Presentation is loading. Please wait.

Presentation is loading. Please wait.

Learning from difference? European perspectives on social work in child and family services Janet Boddy Centre for Innovation and Research in Childhood.

Similar presentations


Presentation on theme: "Learning from difference? European perspectives on social work in child and family services Janet Boddy Centre for Innovation and Research in Childhood."— Presentation transcript:

1 Learning from difference? European perspectives on social work in child and family services Janet Boddy Centre for Innovation and Research in Childhood and Youth

2 Three European studies Working at the ‘edges’ of care with young people and families: England, Denmark, France and Germany International perspectives on parent support Denmark, France, Germany, Italy & the Netherlands Beyond Contact: Work with families of children placed away from home England, Denmark, France and the Netherlands

3 Partners include... EnglandJanet Boddy, University of Sussex June Statham, Institute of Education DenmarkInge Danielsen, University College Copenhagen FranceHélène Join-Lambert and Séverine Euillet, Université Paris Ouest Nanterre La Défense GermanyHerbert Colla, Michael Tetzer, Simon Garbers, University of Lüneburg ItalyCinzia Canali, Fondazione Zancan, Padova NetherlandsEsther Geurts, Netherlands Youth Institute

4 Why cross-national research?  To inform policy development  Not simply ‘transplanting’ programmes or services  But generating ideas and understandings To look ‘with fresh eyes’ – to learn from difference What’s possible? What could be adapted or trialled in an English context? What can we learn from other ways of conceptualising and delivering support?

5 Being careful not to idealise!... and not comparing like with like

6 Population contexts UKDenmarkFranceGermanyItalyNether- lands Total population (millions) % of children (0- 15) at risk of poverty % children 0-17 living in households with very low work intensity % of GDP on social protection benefits targeting families & children data:

7 Cross-national comparability? Rates of child poverty Single adult household with children Couple household with children Not working Working No workers One worker Two or more workers UK US data:

8 Learning from difference ‘It is interesting to hear the common problems across countries, but it is more important to know how you find solutions.’ Senior manager, Dutch NGO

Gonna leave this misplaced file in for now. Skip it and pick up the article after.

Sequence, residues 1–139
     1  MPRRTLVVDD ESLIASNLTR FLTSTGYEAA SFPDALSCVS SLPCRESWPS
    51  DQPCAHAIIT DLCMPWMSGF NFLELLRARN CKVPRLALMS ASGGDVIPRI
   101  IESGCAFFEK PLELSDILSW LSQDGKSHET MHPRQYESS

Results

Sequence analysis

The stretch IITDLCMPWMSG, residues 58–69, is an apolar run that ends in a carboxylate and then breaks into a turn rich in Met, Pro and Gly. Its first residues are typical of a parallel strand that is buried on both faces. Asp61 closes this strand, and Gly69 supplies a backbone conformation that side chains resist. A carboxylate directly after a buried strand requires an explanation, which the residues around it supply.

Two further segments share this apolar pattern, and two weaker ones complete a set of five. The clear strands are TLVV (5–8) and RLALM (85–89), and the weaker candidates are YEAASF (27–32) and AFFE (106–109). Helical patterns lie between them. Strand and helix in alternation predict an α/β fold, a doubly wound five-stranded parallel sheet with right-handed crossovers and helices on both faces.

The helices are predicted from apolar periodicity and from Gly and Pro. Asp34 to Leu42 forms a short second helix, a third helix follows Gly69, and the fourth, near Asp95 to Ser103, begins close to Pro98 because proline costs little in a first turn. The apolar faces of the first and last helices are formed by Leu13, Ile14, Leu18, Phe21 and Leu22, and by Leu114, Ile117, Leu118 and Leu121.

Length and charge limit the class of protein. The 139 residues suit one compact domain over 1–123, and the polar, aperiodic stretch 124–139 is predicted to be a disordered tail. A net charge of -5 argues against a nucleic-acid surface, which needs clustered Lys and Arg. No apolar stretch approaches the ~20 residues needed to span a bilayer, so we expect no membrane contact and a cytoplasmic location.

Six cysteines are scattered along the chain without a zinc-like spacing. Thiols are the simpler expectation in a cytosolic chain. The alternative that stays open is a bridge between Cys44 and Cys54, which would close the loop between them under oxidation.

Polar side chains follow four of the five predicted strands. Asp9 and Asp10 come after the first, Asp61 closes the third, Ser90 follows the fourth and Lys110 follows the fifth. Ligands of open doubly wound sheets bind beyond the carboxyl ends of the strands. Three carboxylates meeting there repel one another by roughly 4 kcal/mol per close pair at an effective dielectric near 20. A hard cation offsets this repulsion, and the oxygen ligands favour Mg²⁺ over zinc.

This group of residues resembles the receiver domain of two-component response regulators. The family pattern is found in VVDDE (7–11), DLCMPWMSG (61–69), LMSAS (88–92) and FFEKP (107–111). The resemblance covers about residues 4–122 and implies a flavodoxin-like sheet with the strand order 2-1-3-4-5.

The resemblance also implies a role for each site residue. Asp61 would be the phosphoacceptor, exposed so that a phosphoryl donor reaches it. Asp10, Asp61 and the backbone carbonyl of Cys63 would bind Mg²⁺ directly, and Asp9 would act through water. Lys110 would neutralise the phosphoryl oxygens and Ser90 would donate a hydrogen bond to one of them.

9 Contexts in national policy  Familiar concerns, including… social inclusion, maternal working, parental separation partnership with parents engaging specific groups of parents accessibility of support … and of course, austerity  Different understandings of rights (for children and families)

10 Policy discourses of ‘rights’ to support – for example… Germany  Rights for young people and parents in relation to ‘Help with Upbringing’ (Hilfe zur Erziehung)  Denmark  All citizens have a social worker  Netherlands and Denmark  Parents of looked after children have the right to a dedicated support worker  Young people’s rights to decision-making in care planning  Italy and Denmark  Care plan must (in law) follow the whole family

11 The role of the state in family life  France Civil Code (1804) specifies the ‘absolutisme’ of parental responsibility family is protected in law as a ‘private domain’  Germany Basic Law (1949): marriage and the family enjoy the special protection of the state parents have a natural right, as well as a duty, to provide care for and bring up their children  Denmark Constitution (1953)  refers to rights of children, not to rights of family  UK  no formal constitution, and arguably no explicit family policy (e.g., Hantrais 2004)

12 Conceptual continuity between universal and targeted services Denmark: estrenget principle

13  Professionalised, with degree-level qualifications Professionally-led interventions (individual or group- based), ranging from mainstream support through to dedicated workers for parents of looked after children  Professionally differentiated Multi-agency working or multi-disciplinary teams Social services and family support teams commonly include pedagogues, psychologists, social workers, lawyers and family mediators, maternity and public health nurses, and doctors The workforce

14 Professional approaches ‘We have a very high responsibility... Our decision affects the whole life of the child. So this high responsibility needs people very well educated to know about what they do. … They must not know only one solution, you need a whole range. [You need to be] educated in talking to people, not just in work with children, [but] finding solutions for life, for development. So we need excellently educated people doing this job.’ National Policy Adviser, Germany (from Boddy et al, 2008)

15  A professionalised and professionally differentiated workforce working across levels of need Including social workers, psychologists, social pedagogues, and other graduate professionals Do we expect too much of UK social work? ‘given the scope (and risks and pressures) of the social work task, is it reasonable to expect social workers in England to do a job, albeit with support from less qualified workers, that is shared among members of multi-professional graduate teams in other European countries?’ (Boddy and Statham 2009, p14) In conclusion


Download ppt "Learning from difference? European perspectives on social work in child and family services Janet Boddy Centre for Innovation and Research in Childhood."

Similar presentations


Ads by Google